Deflating Housing Bubble = Comfy Landing for Equities

by: Philip Davis
Money, money, money!

Where does it come from? Where is it going?

For the past 3 years, a lot of America's money has gone to just 2 places -- oil and homes!

As we discussed last weekend, over $2.5T has poured into the commodity markets in the past 36 months, but that's nothing compared to the $12T that been added to the value of U.S. homes in the past 3 years alone.

The median price of a U.S. housing unit has climbed from $143K in 2003 to $239K at the end of 2005. With close to 7M homes a year turning over, that's $1.9T in 3 years of new money that has worked it's way into housing and, unlike the oil we bought, we still have the house!

If housing "stock value" drops 25% over the next 3 years, that would mean that 21M new homeowners would have lost $500B of the capital they invested (assuming they aren't forced to "close their positions" on the homes), while a 25% drop in commodity stocks wipes out over $1T in real value since ExxonMobil Corp. (NYSE:XOM), for example, turns over all of its 5B shares in 227 days of average trading.

According to the 2005 U.S. census [pdf], 17% of our country's 125M housing units were occupied for one year or less (roughly 30% are rentals). Assume a similar number in 2004 and 2003, and that's a turnover of almost half the U.S. housing in just 3 very expensive years!

I think if you look at it from that perspective you could say that pretty much everyone who wanted to move has done so by the middle of this decade (page 90). From 2000 to 2004 9M new units were built (pg 17), a far cry from the 14M that were built from 1975 to 1979 -- that was real overbuilding!

In fact, from 1970 to 1980 an average of 2.5M units a year were built compared to just 1.8M per year from 1995 to 2004, the current "Housing Bubble."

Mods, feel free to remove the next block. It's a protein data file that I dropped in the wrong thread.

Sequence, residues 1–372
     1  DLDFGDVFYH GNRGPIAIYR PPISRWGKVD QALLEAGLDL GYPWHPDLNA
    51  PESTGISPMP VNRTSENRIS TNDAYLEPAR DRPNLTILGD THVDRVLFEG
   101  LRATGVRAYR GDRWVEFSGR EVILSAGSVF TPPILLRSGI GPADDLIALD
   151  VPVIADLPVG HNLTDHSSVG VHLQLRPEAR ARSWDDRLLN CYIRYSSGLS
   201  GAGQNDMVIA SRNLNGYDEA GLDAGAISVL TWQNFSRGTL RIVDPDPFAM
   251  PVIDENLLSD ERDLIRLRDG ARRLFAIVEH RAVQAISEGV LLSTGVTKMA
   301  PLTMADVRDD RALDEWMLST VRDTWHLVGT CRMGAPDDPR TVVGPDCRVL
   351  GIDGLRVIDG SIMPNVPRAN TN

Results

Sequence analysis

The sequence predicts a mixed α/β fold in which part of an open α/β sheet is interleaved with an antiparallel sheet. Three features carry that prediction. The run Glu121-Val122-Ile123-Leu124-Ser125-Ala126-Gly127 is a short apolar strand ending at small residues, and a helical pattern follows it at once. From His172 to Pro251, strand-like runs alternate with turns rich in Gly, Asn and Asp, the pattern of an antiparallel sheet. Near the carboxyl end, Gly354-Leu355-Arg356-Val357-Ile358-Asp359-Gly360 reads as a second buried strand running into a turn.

What kind of slump hit us after that development boom? In the next 5-year period, from 1980 to 1984, just 7.5M (1.5M/yr) new units were built! Now that's a correction!

The slowdown started in 1979, and 1980 was the last year of Carter's term in office, the Iranians were holding U.S. hostages, and oil and other commodity prices were sky high. We switched Presidents in November, but the markets were already up 15% for the year -- even during the "horrible" Carter administration!

How did the market do from 1980 to 1984? Well, like Bush, the Reagan tax cut was an initial disaster for the economy, and the market lost 20% between Jan 1981 and April 1982, but Reagan was smart enough to realize his mistake and actually approved several tax increases to stop the bleeding and, from April 1982 to Jan 1987, the Dow climbed from 785 to over 2,000, a level it held after spiking to 2,700 in July.

Our current "housing bubble burst" may be effectively a non-event in the U.S. and may, in fact, usher in a new round of equity buying as a portion of the $30T tied up in 125M homes finds its way into the market, rather than going into more expensive homes, as it has been for the past 5 years.

In 1980, mortgage rates were roughly 15% and people were literally forced to sell all the speculative homes they bought at fire sale prices -- a far cry from being "stuck" with a $100K loss on a 7% loan.